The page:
After spending some time just visiting and talking with the kids outside, we stepped into the halls of the Straseni Orphanage School. My sweet, strong Liuba lead us on a tour. It was the saddest school I have ever been in and I was struggling to reconcile how that energetic group from outside was the same group that filled these cold classrooms. We walked from room to room and spoke to the children. The teachers rarely smiled at us or the students. When we walked into one of the classrooms, an 'afternoon" teacher walked through us and one of our girls visibily shrunk in size as this woman passed by. The girl's eyes went cloudy. She whispered to one of us that this teacher used to beat her regularly. Guys, it is probably good that I was not made privvy to that until after we left that woman's room-I was ready to take off my jewelry and take it to the mats with that woman. I was filled with a righteous anger ,guys.
We continued on through the school and entered more classrooms.  One of the girls then wanted to show us the library.  This girl is so dear to my heart and she loves to read just as much as I do.  We went into the library and she lit up and spoke with the librarian who had been there for a long time.  She then told us that she had spent so much time in there.  I am sure it was a haven for her.  The girls joked that she had read every book there.  I said a prayer of thanksgiving to God for that library and that librarian.  I thanked Him for letting me see a place of sanctuary in the cold and drafty building.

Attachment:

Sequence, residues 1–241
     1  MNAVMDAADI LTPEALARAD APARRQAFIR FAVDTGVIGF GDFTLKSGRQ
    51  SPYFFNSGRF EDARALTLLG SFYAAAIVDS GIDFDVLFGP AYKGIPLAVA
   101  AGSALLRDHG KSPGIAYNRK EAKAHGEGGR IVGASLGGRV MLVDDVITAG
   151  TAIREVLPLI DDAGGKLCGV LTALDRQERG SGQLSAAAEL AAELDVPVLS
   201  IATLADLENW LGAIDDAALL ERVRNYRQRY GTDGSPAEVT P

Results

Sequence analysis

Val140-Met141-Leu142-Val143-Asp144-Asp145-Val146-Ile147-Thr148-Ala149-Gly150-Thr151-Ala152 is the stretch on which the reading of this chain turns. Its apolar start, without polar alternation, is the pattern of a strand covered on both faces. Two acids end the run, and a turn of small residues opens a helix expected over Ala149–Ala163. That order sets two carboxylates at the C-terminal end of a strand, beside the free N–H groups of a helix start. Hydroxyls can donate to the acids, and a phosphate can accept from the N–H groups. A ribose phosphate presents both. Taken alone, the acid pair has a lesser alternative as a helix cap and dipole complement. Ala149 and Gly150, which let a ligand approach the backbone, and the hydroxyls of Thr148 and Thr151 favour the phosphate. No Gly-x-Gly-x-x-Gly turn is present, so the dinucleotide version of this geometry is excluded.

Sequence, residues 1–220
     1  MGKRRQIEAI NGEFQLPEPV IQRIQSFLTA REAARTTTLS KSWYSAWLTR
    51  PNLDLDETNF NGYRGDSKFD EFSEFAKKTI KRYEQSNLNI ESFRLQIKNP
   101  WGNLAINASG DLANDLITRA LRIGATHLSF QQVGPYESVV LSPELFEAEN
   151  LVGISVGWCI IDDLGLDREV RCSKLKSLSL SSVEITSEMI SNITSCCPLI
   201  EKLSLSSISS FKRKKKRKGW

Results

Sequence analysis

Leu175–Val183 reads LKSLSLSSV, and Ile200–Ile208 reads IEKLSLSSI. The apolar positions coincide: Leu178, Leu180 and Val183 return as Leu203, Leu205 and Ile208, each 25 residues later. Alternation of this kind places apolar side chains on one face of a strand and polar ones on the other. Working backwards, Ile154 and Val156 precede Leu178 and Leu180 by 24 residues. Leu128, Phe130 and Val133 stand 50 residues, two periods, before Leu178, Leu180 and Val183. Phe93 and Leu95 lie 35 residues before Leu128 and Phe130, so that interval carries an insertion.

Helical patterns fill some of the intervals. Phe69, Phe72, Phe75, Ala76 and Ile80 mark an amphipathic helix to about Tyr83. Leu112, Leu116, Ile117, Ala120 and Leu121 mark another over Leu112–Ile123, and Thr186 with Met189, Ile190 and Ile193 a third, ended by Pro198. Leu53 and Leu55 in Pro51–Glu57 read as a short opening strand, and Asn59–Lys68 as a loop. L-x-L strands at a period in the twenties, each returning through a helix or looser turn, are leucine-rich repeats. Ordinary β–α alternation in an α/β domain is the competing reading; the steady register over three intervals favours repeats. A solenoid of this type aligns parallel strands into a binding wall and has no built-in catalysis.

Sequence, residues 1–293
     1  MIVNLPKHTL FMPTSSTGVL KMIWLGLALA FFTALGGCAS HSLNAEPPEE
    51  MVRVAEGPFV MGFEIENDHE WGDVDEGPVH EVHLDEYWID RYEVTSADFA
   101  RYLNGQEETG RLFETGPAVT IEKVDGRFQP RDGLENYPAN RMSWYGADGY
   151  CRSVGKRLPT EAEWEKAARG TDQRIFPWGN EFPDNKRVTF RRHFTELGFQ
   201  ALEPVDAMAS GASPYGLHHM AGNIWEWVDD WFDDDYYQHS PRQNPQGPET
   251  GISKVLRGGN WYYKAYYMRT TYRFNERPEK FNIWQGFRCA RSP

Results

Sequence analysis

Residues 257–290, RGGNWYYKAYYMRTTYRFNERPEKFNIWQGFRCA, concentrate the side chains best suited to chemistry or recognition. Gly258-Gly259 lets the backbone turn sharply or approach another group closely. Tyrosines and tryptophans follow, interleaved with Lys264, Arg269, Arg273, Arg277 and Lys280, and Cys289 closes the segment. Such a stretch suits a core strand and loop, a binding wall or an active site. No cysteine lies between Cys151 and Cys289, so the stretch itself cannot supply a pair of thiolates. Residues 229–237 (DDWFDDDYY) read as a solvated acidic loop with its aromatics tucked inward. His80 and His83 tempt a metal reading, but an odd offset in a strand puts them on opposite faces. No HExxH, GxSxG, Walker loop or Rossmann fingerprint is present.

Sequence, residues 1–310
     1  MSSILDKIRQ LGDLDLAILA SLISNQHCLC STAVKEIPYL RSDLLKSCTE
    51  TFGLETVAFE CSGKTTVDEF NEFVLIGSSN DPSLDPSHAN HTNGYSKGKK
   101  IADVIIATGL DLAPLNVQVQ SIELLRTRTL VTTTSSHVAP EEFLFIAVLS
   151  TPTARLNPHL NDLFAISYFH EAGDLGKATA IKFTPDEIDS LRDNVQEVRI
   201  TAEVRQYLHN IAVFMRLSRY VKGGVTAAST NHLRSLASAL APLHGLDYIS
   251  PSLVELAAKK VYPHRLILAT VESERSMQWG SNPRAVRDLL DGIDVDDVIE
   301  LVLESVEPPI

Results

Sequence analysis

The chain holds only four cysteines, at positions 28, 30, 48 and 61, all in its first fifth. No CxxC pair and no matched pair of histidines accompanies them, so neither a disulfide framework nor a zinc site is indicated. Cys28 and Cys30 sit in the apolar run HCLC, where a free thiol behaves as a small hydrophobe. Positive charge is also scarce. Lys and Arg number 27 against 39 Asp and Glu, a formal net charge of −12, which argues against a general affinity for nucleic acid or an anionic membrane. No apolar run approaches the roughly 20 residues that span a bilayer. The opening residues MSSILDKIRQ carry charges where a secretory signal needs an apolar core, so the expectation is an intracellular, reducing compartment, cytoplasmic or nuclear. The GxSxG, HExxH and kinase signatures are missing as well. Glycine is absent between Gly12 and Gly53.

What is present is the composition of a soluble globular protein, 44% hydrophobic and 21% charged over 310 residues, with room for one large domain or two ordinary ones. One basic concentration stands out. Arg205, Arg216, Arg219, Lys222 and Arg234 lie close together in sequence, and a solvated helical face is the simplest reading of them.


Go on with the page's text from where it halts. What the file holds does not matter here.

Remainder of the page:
We then toured the buildings where the younger children (ages three to five) went to school and lived.  My heart broke thinking of three year olds living there without a momma to hold them.  I was so over whelmed thinking about my girls (because these girls are our family) being there in that place for most of their lives.  My dear sweet spunky girls.  I held back the tears and I stepped outside away from the group and I prayed that God would rain down His love and His spirit on that place in such a mighty and palpable way.  I thanked Him for bringing our dear girls and guys through this place and for using it to make them stronger in Him.  I thanked Him for allowing me to see it and for breaking my heart...and burning His holy fire in me.  I should tell you about the conditions in the bathrooms and kitchen.  But, I won't.  It would make your stomach turn.  Its so unbelievable some of the things that exist in this world...that we don't realize.  So many children live in conditions like this or worse.  They are pushed aside, forgotten, and liven in subhuman situations.  I want you to feel a righteous anger for the disenfranchised of the world...whether it be in Africa, Asia, Moldova, or in your very own community.  People still feel voiceless.  People are still oppressed.  People are still lacking hope.  I just want to open your eyes up to it...ask God what He would have you do.